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Following our antipasti was our primi of pappardelle al aragosta – squid ink pasta with a lobster ragu finished with salmon roe. Remember when we said we love grilled octopus? Well we LOVE squid ink pasta. Guaranteed, at least one of us will order it given the option. The lobster ragu was rich and packed with generous bits of lobster meat, while the roe (which I believe was actually tobiko, or flying fish roe, as it was much smaller than the distinct size of ikura) added a welcomed touch of saltiness. The pasta itself, made in-house, had the distinct texture that only fresh pasta has, and it was cooked just until al dente. Absolute perfection, we enjoyed every bite of this. (Editor’s Note: I noticed this dish is no longer listed on the current menu on the website and has been replaced with a lobster ravioli dish instead.)

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Our secondi was a very special dish, one that everyone will tell you to order if you come here but never seems to make a permanent appearance on the menu: osso buco – overnight-braised pork shank with parmesan risotto. It was customary to serve me easier-to-daintily-eat slices and chunks of braised meat while the gentleman got the rest of the bone-in shank in all its glory. What they didn’t know was that this lady has a strong stomach and ended up devouring some of her date’s portion as well, it was just so good! Quick research on the history of osso buco tells me that this was a more “modern” preparation with its tomatoes and mirepoix, but modern or traditional, it was an impressive dish that felt decadent and yet comforting at the same time. Don’t miss it!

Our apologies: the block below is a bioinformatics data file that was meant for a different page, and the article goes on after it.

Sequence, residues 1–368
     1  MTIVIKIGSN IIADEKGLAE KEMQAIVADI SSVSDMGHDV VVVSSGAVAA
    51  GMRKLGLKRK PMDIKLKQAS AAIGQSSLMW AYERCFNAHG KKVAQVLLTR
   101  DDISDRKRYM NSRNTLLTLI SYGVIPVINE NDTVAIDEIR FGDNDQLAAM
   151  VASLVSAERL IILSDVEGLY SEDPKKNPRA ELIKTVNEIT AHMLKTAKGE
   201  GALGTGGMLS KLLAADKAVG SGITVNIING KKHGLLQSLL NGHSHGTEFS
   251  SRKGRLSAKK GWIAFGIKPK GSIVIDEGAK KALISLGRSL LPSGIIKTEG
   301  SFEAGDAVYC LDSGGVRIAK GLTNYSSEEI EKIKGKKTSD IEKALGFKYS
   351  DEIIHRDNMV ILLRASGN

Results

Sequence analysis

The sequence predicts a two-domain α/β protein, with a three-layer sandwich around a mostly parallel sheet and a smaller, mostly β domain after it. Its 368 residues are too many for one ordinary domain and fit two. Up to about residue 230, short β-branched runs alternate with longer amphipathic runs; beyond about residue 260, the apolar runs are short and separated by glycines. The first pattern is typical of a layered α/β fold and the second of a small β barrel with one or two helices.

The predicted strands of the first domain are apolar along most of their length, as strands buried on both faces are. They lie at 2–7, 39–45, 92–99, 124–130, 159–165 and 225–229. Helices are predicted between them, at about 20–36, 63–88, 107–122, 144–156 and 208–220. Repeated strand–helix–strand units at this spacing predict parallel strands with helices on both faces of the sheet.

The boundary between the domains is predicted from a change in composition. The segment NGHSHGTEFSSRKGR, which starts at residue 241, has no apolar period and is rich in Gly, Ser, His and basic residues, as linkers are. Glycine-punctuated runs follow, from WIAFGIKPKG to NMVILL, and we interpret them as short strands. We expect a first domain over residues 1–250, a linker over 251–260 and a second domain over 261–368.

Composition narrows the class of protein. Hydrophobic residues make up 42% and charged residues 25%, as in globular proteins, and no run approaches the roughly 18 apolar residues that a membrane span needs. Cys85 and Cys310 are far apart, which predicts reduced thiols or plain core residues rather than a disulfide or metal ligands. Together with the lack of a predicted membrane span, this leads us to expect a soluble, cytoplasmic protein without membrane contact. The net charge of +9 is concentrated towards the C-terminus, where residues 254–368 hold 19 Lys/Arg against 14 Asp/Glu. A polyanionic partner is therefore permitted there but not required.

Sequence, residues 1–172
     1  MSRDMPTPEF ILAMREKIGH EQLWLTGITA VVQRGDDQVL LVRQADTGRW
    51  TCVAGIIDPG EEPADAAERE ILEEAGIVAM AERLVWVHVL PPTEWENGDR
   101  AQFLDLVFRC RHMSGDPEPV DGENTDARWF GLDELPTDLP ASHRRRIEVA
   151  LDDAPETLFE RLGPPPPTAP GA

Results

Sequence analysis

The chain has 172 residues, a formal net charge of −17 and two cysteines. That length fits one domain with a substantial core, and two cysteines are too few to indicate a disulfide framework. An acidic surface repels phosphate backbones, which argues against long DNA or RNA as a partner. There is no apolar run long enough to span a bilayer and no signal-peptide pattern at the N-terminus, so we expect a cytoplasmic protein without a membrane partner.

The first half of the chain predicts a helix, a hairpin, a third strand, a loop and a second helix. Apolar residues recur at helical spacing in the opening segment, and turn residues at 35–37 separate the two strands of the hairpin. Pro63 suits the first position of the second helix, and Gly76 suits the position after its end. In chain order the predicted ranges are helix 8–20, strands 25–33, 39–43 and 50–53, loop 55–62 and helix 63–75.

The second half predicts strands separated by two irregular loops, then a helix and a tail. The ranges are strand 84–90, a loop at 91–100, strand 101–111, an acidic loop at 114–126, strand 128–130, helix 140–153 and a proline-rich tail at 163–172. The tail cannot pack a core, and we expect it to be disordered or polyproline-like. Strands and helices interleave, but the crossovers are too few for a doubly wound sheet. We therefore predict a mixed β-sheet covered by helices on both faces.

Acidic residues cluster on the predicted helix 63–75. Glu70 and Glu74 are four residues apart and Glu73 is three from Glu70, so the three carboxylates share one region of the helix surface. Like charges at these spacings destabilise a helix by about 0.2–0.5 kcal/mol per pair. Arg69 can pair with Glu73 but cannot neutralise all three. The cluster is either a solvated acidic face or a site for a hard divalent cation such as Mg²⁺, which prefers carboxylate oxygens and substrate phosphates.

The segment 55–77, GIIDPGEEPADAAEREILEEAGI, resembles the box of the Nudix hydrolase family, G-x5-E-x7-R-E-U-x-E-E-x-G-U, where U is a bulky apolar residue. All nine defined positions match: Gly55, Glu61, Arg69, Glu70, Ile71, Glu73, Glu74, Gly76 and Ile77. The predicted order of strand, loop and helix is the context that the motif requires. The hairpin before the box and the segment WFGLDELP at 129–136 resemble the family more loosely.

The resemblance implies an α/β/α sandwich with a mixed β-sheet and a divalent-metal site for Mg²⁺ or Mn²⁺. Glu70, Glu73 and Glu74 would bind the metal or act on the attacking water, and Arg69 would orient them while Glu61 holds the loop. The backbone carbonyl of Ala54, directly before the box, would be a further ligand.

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For dessert, Martin was in the mood for something less sweet and made a special request for an affogato – hot espresso poured table-side over vanilla ice cream. I opted for the vanilla panna cotta which was garnished with fresh strawberries and a berry coulis. I loved being able to actually see the flecks of vanilla bean, and the flavor was delicate. Delicious!

From beginning to end, we had an amazing experience. Be sure to include Il Cortile in your next Central Coast adventure!